Amongst the Tuatha Dé Danann we find mention of the Badb, or Badhbh in modern Irish. She is listed, along with her sisters Macha and The Mórrígan, as a Goddess of battle and death. Said to take the form of a hooded or scald crow the Badhbh flies over the battle fields of Eireann and that her raucous cries cause the weak of heart to quail in terror.
In Ireland those who heard the howl would know to seek the protection of their safe spaces. As with the black coach and the Banshee, the Cú Sídhe is a harbinger of death, so pay attention when you hear the howl of the Cú Sídhe.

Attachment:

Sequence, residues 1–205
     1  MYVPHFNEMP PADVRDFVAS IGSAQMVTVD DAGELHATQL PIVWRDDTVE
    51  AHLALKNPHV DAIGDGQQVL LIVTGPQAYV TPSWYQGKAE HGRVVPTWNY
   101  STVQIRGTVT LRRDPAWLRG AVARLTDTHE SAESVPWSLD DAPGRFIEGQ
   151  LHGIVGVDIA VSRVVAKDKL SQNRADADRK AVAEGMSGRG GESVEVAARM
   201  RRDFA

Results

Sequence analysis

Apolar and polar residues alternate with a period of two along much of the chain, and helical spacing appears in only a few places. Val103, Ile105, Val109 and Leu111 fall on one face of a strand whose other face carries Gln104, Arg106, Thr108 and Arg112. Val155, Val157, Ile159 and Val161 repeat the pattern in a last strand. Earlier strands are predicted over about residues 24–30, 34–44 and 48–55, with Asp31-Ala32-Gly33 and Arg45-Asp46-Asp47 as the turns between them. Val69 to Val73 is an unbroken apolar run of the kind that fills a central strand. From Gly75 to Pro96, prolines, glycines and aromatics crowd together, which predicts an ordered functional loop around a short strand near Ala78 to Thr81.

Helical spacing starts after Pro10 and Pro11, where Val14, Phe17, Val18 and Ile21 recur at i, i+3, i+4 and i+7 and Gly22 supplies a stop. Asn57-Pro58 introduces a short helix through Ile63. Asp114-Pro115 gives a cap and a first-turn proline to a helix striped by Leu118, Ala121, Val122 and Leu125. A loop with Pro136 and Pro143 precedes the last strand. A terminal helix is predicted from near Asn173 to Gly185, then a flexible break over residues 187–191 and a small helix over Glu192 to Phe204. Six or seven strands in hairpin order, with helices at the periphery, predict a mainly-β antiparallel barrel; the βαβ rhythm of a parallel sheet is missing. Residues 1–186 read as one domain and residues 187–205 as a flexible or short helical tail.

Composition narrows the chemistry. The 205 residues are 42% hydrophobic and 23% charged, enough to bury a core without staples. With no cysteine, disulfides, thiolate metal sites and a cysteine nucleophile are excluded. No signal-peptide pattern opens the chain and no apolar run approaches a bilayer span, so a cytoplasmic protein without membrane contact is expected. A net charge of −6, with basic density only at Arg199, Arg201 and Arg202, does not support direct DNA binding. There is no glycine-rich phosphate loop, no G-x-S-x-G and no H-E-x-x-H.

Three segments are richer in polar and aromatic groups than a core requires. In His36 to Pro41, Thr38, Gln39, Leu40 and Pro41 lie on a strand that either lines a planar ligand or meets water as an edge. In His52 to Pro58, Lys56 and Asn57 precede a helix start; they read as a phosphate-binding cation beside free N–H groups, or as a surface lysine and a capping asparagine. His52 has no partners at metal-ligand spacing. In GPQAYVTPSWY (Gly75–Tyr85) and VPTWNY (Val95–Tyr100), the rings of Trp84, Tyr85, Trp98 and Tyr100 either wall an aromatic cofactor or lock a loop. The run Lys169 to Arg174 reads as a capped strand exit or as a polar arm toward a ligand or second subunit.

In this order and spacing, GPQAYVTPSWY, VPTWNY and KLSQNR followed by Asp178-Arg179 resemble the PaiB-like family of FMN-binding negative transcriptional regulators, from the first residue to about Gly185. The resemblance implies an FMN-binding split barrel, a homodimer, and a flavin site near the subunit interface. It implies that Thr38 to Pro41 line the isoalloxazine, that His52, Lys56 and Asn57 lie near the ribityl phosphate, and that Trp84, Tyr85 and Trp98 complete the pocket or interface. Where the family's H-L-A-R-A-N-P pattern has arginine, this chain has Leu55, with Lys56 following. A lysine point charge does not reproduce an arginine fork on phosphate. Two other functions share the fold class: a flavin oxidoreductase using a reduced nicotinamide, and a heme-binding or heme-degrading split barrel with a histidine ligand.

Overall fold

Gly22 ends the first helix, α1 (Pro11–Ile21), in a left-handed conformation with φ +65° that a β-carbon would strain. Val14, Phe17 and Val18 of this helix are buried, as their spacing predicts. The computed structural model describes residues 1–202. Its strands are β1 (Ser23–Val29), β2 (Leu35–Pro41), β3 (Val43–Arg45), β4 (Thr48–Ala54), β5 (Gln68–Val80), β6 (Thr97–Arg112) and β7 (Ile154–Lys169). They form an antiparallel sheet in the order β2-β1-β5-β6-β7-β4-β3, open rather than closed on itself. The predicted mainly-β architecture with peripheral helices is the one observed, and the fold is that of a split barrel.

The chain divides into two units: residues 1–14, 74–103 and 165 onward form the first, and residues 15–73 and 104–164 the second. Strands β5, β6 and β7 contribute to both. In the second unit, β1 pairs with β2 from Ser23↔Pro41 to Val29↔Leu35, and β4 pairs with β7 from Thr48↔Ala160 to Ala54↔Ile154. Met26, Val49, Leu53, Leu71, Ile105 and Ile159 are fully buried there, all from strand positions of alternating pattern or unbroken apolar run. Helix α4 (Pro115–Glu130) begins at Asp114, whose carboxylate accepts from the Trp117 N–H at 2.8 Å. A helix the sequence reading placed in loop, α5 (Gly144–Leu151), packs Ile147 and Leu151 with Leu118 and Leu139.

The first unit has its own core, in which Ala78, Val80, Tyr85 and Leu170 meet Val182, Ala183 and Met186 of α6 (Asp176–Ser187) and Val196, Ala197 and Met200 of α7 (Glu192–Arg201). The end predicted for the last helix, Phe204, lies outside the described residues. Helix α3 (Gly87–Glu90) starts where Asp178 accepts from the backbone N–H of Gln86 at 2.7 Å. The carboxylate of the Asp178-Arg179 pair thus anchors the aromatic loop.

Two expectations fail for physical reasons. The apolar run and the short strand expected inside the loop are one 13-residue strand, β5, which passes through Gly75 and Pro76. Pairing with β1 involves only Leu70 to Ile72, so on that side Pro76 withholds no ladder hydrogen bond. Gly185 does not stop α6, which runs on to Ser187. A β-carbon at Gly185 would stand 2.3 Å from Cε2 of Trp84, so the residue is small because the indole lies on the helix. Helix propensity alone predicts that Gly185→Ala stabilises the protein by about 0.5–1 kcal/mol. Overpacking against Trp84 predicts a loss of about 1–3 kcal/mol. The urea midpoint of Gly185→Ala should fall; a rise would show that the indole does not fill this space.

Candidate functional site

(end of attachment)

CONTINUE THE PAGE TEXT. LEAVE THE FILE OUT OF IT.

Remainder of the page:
In Irish, the word Cailleach originally signified a nun, coming from the latin word 'pallium' which means veil. Over time it came to mean 'old woman' or 'hag'. MAybe its not hard to see how this, added to the ancient beliefs of power and mysticism, then filtered through the lens of the popular media representation, leads us to it's current use for 'witch'.
Ireland has long been regarded as a place somehow caught between two worlds. This world, a place of mortality and the mundane, and the Otherworld, a realm of magic, fantastic beasts, and Immortal beings. Today we take a look at one of these 'Sidhe', 'Fae' or 'Fairy folk' of Ireland.